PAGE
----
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After drugs, gun arrest, colleagues say 'dark cloud' hangs over Beanie Sigel's career

The five felony charges stemming from an arrest during an I-95 traffic stop jeopardizes Sigel's scheduled concert dates before his Sept. 12 incarceration.

It seemed that perennially troubled hometown hip hop great Beanie Sigel's career was on the rise. He had a string of shows lined up in the days before he was due to report to federal prison to serve a two-year bid for tax evasion. On Tuesday, he released "This Time," his fifth studio album and the first to drop in seven years, to largely positive reviews. By all accounts, the former king of the Philly rap scene had cleaned up his act, prepared himself to face the music and would exit prison poised to reclaim his crown.

That all came crashing down early Wednesday morning when Sigel was arrested by state troopers during a traffic stop on I-95 in Tinicum Township. He is charged with five felonies and two misdemeanors after a search of his pockets allegedly turned up a bottle of codeine cough syrup with the label scratched off, along with pills and plastic baggies stuffed inside a cigarette pack and $4,650 in cash.

"It's unfortunate," said rapper Philly Chase, who has worked with Sigel in the past. "He's a big-timer, a great guy. I wish the best for him and his family and I'm sorry there's this dark cloud over his career. I just don't understand it."

A further search of the car – in which Sigel was a passenger – allegedly
revealed a .38 Smith & Wesson Special in its upper center
console. Along with drug offenses, including possession of a
controlled substance with the intent to distribute, Sigel is also facing charges of unlicensed,
unlawful possession of a firearm – as a convicted felon, he is banned by law from carrying a gun.

Attorney Fortunato Perri, Jr. said he expects to represent Sigel, but it is too soon to discuss details of the case. "We're still reviewing the allegations and the circumstances of the arrest," Perri said.

"Obviously we're very disappointed," CEO of Ruffhouse Records Chris Schwartz said in a statement. "However, Beanie has done nothing but display the utmost professionalism in all of the initiatives related to the promotion of his new release. Beanie has obviously been struggling with some personal issues, and we continue to support him now and throughout his impending incarceration."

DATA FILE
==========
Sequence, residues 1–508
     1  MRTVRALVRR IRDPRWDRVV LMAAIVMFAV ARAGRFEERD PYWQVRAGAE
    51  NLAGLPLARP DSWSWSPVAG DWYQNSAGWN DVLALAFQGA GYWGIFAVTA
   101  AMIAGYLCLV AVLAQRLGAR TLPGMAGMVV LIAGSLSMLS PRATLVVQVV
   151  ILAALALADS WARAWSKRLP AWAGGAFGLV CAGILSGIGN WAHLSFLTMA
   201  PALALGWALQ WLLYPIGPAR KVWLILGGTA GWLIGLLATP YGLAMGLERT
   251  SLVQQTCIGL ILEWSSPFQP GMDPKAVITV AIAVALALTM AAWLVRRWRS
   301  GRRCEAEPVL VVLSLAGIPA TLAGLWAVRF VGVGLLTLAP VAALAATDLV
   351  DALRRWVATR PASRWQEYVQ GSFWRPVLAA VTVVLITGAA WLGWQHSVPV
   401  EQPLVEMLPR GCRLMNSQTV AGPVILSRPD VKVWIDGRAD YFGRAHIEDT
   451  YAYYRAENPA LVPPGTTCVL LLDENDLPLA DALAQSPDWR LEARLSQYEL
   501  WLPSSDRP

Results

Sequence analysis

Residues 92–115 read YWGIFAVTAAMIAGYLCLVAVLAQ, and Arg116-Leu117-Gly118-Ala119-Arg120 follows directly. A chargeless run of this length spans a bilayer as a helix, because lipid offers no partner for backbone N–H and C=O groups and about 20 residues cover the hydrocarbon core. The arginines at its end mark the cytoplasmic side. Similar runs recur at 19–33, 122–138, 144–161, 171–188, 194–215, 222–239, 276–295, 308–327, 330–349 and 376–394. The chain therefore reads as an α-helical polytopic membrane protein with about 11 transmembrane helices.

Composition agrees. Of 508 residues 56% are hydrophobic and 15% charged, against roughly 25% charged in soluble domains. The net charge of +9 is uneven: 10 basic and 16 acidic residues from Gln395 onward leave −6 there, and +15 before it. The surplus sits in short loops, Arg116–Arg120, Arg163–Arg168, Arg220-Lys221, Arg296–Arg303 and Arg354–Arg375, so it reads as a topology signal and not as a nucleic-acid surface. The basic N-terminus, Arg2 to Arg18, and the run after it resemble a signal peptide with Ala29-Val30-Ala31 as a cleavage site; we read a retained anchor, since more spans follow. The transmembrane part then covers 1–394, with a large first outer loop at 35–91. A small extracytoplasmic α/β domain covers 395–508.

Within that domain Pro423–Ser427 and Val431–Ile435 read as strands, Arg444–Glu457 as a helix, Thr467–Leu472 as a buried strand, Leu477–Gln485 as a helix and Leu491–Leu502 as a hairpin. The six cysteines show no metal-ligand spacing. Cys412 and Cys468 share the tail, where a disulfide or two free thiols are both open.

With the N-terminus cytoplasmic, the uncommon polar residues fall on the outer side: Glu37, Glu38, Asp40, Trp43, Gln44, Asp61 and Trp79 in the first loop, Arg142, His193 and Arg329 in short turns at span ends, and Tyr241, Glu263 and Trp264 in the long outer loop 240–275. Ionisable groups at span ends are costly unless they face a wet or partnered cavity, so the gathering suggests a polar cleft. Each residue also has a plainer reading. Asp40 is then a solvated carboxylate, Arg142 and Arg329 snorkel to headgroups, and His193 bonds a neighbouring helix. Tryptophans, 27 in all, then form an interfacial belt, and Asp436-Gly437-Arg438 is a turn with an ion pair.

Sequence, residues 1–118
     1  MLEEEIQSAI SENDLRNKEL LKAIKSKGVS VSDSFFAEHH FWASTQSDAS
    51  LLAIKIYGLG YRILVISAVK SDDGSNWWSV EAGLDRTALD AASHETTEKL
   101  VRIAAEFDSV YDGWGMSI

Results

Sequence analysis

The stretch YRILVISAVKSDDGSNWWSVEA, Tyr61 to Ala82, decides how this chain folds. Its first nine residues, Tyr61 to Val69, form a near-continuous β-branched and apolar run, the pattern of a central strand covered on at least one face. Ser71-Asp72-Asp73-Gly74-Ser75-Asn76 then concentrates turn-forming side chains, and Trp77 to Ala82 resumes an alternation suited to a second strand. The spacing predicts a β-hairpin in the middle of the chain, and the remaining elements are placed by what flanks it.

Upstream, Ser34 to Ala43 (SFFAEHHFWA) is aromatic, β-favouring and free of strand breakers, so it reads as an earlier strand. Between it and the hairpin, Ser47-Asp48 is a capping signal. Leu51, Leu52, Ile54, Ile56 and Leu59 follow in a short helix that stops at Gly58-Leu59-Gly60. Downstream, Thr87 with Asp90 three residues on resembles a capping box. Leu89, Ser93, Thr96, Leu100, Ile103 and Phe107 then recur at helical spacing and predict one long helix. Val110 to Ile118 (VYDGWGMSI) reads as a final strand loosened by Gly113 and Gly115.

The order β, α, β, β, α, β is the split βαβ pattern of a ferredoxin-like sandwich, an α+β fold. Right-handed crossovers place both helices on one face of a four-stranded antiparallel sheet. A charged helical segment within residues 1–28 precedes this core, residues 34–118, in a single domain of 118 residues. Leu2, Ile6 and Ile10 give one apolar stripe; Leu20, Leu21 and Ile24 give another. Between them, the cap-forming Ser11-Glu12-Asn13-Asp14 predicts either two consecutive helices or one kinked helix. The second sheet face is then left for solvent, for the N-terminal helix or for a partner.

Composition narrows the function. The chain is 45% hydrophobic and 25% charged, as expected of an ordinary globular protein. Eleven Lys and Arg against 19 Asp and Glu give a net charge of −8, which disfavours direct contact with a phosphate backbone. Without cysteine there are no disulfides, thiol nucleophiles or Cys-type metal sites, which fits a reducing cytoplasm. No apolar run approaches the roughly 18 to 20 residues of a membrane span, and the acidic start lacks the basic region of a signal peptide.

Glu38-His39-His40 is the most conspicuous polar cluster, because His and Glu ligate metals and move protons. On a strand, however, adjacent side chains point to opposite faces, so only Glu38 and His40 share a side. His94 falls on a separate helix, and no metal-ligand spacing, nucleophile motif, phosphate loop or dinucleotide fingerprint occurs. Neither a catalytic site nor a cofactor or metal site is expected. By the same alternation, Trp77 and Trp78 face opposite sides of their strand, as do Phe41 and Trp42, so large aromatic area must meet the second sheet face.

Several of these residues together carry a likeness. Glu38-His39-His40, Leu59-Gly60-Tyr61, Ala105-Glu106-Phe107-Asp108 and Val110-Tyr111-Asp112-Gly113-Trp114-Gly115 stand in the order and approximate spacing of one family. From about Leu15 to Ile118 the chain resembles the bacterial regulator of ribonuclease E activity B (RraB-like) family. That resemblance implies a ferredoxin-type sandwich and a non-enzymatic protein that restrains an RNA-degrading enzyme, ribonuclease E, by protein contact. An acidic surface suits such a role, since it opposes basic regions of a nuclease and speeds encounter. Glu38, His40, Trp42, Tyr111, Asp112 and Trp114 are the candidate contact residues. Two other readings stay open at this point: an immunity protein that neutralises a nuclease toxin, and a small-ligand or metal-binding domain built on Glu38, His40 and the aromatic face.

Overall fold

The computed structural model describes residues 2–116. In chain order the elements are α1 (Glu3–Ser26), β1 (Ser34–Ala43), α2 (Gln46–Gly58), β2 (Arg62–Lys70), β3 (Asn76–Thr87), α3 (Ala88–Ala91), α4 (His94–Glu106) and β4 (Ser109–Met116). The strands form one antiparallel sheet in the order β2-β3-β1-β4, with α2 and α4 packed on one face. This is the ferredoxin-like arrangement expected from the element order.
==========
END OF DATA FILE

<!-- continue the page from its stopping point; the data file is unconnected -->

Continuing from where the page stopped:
But Chase said Sigel gave no indication of those personal issues in the studio, at least as they related to drugs. "He was talking about his tax problems and about his debt," Chase said. "He didn't talk about anything else. It was basically about his tax issues and how he was trying to prepare stuff because he was looking at a couple of years, but with these charges – this is it. It doesn't look too good right now."

Sigel was scheduled to play six shows before his Sept. 12 imprisonment, including a Sept. 6 date on Jimmy Kimmel Live and a concert at the TLA in Philadelphia on Sept. 8. Those are now up in the air. "It's too early to tell," Ruffhouse Records spokesman Randy Alexander said of the planned appearances. "That's up to the legal system at this point."

A state trooper pulled over a tan Ford Fusion driven by Philadelphia resident Gerald Andrews shortly before 3:15 a.m. because it was tailgating a tractor trailer and erratically weaving in and out of the lane.

While speaking with Andrews, the officer noticed a man sleeping in the front passenger seat, later identified as Sigel. After Andrews couldn't produce a valid driver's license, insurance or registration, the trooper patted him down and found prescription bottles filled with various pills and a fraudulent ID printed with someone else's name, police said. Andrews then allegedly admitted to the trooper that he also had a small amount of marijuana, pulled it out of the back pocket of his pants and handed it over.

The trooper then asked Sigel to step out of the car so he could explain that Andrews was being arrested for drug violations, police said, patting Sigel down as a precaution. That's when the officer allegedly found the money, drugs and paraphernalia in Sigel's pockets and the Broad Street Bully joined Andrews in police custody.

"He kind of fell off the radar and just started getting back out," Chase
said. "It's just sad. I look at his situation and he's great
music-wise, leadership-wise – he's done so much for so many people. I
feel like he really didn't get a fair shake. Everybody feels like that."

Though the timing of Sigel's arrest and album release are highly coincidental, Chase said he believes it's just that – coincidence. He dispelled rumors that Sigel would stage a publicity stunt to promote the record. "I think for some artists that really don't have any cred or really have something to prove, they might try to do that, like a first timer," he said. "But somebody like him with a rap sheet like that, he doesn't have anything to prove. I don't think he wants that kind of publicity. I don't see him being in a situation where he gets caught with guns and drugs and views that as a good thing for his career."

 
 
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